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When that siren rings…

We know what happens when we don't have our own army, so I'm choosing combat, and will give it my all
IDF soldiers stand at attention and bow their heads as a one-minute siren sounds during a Memorial Day ceremony at the Western Wall, Judaism's holiest site, in Jerusalem's Old City, April 21, 2015. (Yonatan Sindel/Flash90)
IDF soldiers stand at attention and bow their heads as a one-minute siren sounds during a Memorial Day ceremony at the Western Wall, Judaism's holiest site, in Jerusalem's Old City, April 21, 2015. (Yonatan Sindel/Flash90)

That piercing sound. Those chills. The knowledge that the entire country is pausing their lives, just as you are, whether at a ceremony, in their house, or even while driving on the highway. And the devastating images run through your head.

The little boy who won’t get to play backgammon with his father ever again. The girlfriend, who was positive that she had found the love of her life. The mother, crying as her son’s 20th birthday comes around, the first birthday he would never celebrate. The brother who now has his own room, and the sister with no one to tease. The classmates, who grew up with a boy who never became a man. The chanichim, who remember the peulot he gave about sacrifice and the importance of Israel. The empty chair at family get-togethers, and the thoughts of what could have been. Those were the scenes going through my head, as life in Israel stopped for a minute.

And then, at the end of our minute, life resumed. Adults went back to work, teachers continued their lessons, traffic resumed, and kids continued playing in the park. But for these 116 fresh new families [mourning those killed in Operation Cast Lead], life never really continued. Time may have moved on, but it will never be the same. For these 116 Israelis, who made the ultimate sacrifice, the clock stopped. They will stay young adults for the rest of time.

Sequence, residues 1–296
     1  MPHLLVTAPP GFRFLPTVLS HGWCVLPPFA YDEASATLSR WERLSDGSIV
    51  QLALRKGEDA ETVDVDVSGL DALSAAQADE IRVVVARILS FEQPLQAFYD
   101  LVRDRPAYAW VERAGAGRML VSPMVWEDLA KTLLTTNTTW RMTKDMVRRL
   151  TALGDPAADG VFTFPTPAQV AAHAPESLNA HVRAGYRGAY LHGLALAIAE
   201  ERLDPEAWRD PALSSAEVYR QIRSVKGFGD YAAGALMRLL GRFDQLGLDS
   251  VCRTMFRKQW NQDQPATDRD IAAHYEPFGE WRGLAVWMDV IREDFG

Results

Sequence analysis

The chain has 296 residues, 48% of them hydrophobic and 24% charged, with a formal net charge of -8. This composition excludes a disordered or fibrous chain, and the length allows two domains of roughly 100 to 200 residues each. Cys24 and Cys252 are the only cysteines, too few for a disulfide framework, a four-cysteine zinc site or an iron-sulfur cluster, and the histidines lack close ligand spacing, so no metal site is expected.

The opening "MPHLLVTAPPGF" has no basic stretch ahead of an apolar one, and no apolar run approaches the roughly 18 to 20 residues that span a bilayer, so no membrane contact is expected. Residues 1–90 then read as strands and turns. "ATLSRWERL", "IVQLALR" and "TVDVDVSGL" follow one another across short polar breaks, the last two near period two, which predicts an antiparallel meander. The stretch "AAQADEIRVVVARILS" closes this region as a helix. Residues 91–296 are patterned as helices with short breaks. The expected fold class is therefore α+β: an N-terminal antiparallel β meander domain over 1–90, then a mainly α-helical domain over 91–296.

To us, for the most part, they are pictures and names. It’s hard to remember that each one had a family, dreams, hopes. The line in his family tree stops with him. And the stories of victims start running through your mind.

Roi Klein, who sacrificed himself to save his friends. Nachshon Waxman, who was just trying to find a ride home. Dror Weinberg, one of the greatest soldiers in Israeli history. Michael Levin, the Lone Soldier from Philadelphia, who won’t ever again catch a game at Citizens Bank Park. Natan Cohen, who attended my Modiin high school. Shon Mondshine, against whom I played little league baseball in Tel Aviv. Yoni Netanyahu, who could be a grandfather already, but instead will never get any older. Rabbi Twersky, who will forever be in the middle of that Shmona Esrei prayer. Hadar Goldin, who will never get to turn his fiancée into a wife. Daniel Tragerman, who shares my name, but will never pass the age of 4. Max Steinberg, who lost his life this summer in Gaza, after leaving everything behind in Los Angeles. My brothers, Eyal, Gil-ad, and Naftali, who just wanted to get home for Shabbat.